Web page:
• Turmeric sausage rolls (Sarina Kamini)Source: Sarina Kamini

A little turmeric goes a long way. Especially when it is teamed with pepper, garlic, onion and salt. 






Skill level

Average: 2.6 (24 votes)

Turmeric is structural. Bitterness is primary, and turmeric is the most recognisable from this spice category. The job of turmeric is to ensure other accompanying aromatics shine. 

You can see why it is popular within traditional Indian food: with all of the spice weight, turmeric performs some serious heavy lifting to provide a flavour framework.

Turmeric will push the acidity in the tomato forward. Turn on the coarse heat of black pepper. Highlight the sharp quality of white salt. Dial-up the astringent contribution of garlic and onion. Increase the fresh and green tonality of your leafy herbs. 

Take it out of the curry context and it does just as well. 

Imagine spaghetti bolognese. Tomatoes, garlic and onion. Basil fresh, and maybe dried. Perhaps oregano or parsley. Salt and pepper. A dish that, when slow-cooked, results in a rich collapse of flavours. But add ⅓ of a teaspoon of ground turmeric to your garlic and onion base and the structure turmeric brings to the other aromatics in the pan draws an even rich flavour.

Turmeric top tips

• Turmeric in a recipe requires a sweet addition - a little jaggery, a sweet fat like ghee, or a sweet spice like cassia - to offset her bitter profile.

• Turmeric and ginger aren’t only cousins, they’re a classic pairing. The salt and pepper of Indian spice. Ginger warms turmeric, and turmeric strengthens ginger’s sharp heat.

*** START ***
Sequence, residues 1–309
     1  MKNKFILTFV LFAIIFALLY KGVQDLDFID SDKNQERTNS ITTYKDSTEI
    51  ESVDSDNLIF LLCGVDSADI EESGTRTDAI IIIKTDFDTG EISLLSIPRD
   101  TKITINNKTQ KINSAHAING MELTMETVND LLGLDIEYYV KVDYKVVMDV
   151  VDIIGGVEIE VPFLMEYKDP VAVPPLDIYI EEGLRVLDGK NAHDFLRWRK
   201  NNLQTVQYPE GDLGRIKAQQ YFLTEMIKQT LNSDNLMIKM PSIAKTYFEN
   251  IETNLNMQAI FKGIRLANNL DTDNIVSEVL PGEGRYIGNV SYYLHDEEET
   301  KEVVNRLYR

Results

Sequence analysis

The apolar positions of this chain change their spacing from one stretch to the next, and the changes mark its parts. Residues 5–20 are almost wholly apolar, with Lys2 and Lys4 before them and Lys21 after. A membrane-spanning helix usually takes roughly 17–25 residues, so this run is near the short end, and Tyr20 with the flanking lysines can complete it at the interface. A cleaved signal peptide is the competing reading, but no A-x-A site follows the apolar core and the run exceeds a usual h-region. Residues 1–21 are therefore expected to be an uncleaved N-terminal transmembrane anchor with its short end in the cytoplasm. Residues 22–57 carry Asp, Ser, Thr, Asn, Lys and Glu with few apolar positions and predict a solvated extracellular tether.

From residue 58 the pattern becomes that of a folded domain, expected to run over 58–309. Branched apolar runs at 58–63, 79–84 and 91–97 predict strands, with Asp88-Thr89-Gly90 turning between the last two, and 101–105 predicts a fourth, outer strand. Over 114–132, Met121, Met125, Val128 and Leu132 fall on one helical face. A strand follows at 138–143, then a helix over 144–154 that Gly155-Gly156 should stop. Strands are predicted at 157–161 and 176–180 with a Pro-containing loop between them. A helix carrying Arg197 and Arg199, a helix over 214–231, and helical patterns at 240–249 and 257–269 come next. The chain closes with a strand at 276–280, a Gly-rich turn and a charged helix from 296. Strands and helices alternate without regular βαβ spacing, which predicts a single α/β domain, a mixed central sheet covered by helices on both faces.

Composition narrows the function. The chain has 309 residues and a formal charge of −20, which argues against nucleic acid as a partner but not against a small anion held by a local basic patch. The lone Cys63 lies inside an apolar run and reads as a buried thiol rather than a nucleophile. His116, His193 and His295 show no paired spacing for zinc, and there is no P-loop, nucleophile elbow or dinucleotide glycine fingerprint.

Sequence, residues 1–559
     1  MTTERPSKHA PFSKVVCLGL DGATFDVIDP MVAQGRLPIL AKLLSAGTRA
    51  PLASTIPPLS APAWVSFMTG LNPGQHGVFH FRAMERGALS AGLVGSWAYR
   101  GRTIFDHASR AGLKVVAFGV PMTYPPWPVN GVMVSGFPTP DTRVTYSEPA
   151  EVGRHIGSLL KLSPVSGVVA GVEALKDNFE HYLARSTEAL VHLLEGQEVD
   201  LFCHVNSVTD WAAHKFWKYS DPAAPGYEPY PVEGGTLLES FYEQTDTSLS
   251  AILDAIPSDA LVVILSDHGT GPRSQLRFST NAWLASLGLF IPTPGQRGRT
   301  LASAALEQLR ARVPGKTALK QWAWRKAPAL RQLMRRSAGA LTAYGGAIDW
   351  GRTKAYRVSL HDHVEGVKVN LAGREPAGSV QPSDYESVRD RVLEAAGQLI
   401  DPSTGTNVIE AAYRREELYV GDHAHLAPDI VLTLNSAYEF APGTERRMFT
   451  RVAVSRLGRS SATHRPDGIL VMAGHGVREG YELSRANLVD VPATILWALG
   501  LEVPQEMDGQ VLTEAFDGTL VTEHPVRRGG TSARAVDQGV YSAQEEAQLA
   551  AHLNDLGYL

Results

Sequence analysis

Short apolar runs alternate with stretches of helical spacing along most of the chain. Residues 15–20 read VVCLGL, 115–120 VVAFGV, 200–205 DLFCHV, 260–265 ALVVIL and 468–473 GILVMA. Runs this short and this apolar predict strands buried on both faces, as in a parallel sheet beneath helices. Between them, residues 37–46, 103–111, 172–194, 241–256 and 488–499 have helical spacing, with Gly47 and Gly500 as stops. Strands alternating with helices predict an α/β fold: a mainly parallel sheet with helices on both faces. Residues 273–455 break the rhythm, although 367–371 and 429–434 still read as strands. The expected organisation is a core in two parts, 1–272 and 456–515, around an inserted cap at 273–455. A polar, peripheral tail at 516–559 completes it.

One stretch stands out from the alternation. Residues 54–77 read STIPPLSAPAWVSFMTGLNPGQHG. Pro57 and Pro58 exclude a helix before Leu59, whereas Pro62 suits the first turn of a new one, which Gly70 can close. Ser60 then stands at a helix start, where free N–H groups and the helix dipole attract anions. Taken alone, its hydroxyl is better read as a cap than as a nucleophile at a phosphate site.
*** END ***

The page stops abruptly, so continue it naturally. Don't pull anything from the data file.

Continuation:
• Ground and fresh turmeric aren’t interchangeable. Ground turmeric offers more base structural integrity. Fresh turmeric is a mid-palate player.


  • 500 g beef and pork mince
  • 1 tsp salt
  • ⅓ tsp ground turmeric
  • 1 tsp ground black pepper
  • 3 cloves garlic, finely chopped
  • ½ large red onion, diced
  • ½ bunch parsley, chopped
  • 1 tbsp light soy sauce
  • ½ tbsp olive oil
  • ½ tbsp sesame oil
  • 2 eggs
  • 1 tbsp milk
  • Puff pastry, 2-4 sheets

Cook's notes

Oven temperatures are for conventional; if using fan-forced (convection), reduce the temperature by 20˚C. | We use Australian tablespoons and cups: 1 teaspoon equals 5 ml; 1 tablespoon equals 20 ml; 1 cup equals 250 ml. | All herbs are fresh (unless specified) and cups are lightly packed. | All vegetables are medium size and peeled, unless specified. | All eggs are 55-60 g, unless specified.


1. Preheat the oven to 180ºC.

2. Line an oven tray with a sheet of baking paper.

3. Combine mince, spice, garlic, onion, parsley and one of the two eggs in a bowl.

4. Roll the mincemeat mixture in a line on a sheet of puff pastry and roll into a sausage roll shape. Cut or tuck the edge and place it on the baking tray. Repeat until mince is used. You should be able to make three long sausage roll shapes.

5. Mix together one egg and some milk in a bowl and brush on top of the sausage rolls. Spike with a fork.

6. Place the tray in the heated oven and cook for around 25 minutes or until golden brown and pastry is puffed. Remove from the oven, cut and eat.



• Use a good quality puff pastry to ensure the best result.


'Not just curry' is a fortnightly recipe column on SBS Food lead by self-professed Spice Mistress herself. It shares the flavourful insights and potential behind a different spice that may be tucked away in your pantries and is celebrated with a brand-new recipe. Find out more here.

Photography, styling and food preparation by Sarina Kamini.